YOUTUBE, SCINEWSA new video reveals flashes of neural activity as it moves up and down the body of a fruit-fly larva. The feat, published yesterday (August 11) in Nature Communications, adds Drosophila melanogaster to the list of species—including C. elegans and larval zebrafish—whose nervous systems have been imaged at single-cell or nearly single-cell resolution.
“The new thing we can do now is study how the neurons talk to each other across the entire brain,” Misha Ahrens, a neuroscientist at the Howard Hughes Medical Institute’s Janelia Research Campus in Ashburn, Virginia, who worked on the zebrafish study, told The Scientist in February 2014. “That’s a departure from previous studies, where people tended to look at many neurons, but a small fraction of the entire number.”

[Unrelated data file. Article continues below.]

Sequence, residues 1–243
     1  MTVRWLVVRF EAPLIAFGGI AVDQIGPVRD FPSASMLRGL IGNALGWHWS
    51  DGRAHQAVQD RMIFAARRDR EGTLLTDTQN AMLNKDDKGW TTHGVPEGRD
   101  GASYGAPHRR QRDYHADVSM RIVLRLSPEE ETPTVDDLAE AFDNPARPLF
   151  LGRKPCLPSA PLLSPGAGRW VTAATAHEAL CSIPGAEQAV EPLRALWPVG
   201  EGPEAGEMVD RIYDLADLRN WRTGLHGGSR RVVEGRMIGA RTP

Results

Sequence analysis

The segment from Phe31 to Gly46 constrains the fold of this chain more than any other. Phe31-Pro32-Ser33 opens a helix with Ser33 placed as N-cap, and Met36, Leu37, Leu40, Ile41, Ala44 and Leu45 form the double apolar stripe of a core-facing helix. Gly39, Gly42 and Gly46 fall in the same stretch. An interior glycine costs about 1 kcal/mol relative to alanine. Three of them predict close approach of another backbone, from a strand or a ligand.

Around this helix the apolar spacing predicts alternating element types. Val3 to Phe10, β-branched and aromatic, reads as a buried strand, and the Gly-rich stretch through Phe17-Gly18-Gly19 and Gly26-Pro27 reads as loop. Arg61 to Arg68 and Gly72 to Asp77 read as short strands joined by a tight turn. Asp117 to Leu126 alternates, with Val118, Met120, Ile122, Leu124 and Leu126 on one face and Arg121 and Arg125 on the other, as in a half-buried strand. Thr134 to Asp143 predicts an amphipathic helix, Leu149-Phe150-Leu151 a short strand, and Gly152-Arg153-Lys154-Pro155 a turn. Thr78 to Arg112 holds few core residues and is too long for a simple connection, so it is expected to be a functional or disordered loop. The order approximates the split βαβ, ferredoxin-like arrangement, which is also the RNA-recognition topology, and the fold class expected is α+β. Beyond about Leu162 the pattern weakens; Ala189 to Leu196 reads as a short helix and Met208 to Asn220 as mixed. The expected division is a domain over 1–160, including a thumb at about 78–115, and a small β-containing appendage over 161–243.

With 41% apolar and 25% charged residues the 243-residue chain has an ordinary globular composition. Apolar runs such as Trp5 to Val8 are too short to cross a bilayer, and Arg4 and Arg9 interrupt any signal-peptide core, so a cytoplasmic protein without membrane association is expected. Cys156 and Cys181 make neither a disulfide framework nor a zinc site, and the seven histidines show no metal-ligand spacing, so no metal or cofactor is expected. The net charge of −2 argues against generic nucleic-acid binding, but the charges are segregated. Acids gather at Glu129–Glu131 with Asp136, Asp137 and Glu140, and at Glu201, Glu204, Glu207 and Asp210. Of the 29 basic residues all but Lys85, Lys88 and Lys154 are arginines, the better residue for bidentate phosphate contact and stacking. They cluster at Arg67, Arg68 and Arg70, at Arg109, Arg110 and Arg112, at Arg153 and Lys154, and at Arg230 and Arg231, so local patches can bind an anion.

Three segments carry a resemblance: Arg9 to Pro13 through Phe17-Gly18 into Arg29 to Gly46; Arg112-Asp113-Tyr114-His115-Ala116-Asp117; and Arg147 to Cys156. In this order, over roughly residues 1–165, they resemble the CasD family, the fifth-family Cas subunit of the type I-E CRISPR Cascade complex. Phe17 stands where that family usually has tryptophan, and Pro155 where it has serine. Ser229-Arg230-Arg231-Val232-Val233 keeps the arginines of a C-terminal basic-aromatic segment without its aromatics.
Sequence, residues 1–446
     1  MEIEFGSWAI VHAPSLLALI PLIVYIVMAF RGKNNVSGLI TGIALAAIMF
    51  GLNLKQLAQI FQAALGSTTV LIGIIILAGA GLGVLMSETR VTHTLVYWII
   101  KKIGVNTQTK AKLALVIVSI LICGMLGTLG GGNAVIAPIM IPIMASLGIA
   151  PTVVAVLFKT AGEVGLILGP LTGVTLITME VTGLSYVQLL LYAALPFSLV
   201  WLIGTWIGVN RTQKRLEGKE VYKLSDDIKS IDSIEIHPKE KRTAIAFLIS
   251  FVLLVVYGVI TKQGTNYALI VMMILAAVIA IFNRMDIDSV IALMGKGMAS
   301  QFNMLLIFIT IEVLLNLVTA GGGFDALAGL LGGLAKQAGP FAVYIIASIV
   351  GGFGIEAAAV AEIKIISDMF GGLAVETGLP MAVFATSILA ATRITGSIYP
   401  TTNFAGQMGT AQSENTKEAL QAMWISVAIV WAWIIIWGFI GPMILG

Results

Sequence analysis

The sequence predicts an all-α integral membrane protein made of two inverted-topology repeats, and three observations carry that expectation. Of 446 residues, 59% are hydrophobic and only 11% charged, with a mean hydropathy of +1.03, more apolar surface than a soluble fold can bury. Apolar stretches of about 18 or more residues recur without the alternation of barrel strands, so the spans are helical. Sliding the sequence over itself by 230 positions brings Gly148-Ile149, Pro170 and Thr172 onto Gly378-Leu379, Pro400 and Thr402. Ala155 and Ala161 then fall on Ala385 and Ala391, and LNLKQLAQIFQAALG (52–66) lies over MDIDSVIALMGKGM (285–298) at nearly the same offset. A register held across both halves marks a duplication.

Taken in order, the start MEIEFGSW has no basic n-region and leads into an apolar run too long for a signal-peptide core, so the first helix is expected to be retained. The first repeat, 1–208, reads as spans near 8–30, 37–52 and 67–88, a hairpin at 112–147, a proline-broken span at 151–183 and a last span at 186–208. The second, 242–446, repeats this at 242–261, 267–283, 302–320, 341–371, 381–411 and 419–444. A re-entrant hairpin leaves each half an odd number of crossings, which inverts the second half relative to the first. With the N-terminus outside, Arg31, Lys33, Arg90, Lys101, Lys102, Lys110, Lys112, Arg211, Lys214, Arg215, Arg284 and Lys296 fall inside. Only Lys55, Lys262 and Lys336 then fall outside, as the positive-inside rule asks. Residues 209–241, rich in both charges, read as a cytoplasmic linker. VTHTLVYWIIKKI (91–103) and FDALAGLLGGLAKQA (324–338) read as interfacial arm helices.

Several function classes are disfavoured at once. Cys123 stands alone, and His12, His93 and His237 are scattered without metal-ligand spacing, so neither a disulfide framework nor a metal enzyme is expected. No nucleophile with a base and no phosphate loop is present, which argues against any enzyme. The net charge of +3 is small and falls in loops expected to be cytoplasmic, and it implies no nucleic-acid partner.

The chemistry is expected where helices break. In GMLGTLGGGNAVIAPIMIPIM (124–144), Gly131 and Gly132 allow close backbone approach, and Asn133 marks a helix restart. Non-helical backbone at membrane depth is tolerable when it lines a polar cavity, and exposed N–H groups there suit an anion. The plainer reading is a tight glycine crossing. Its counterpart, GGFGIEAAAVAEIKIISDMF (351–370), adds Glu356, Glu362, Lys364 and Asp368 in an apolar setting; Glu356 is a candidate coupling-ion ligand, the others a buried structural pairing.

The new study builds on Ahrens and his colleagues’ method of genetically modifying neurons to fluoresce as they fire, then using a microscopy technique to shoot light at the brain and record its activity. The resulting video shows the activity of the entire Drosophila-larva central nervous system, which was stripped from the body for better viewing, but still fired spontaneously in coordinated patterns typical of crawling and other behaviors.
“We wanted to see what was going on in the brain at those times,” coauthor William Lemon of Janelia Research Campus told Braindecoder. “Various areas of the brain are making decisions about whether the larva should go backward or forward or turn. It was important to record activity in the entire nervous system, all at once and in real time.”
Next up, the researchers hope to image mouse embryos, Nature reported.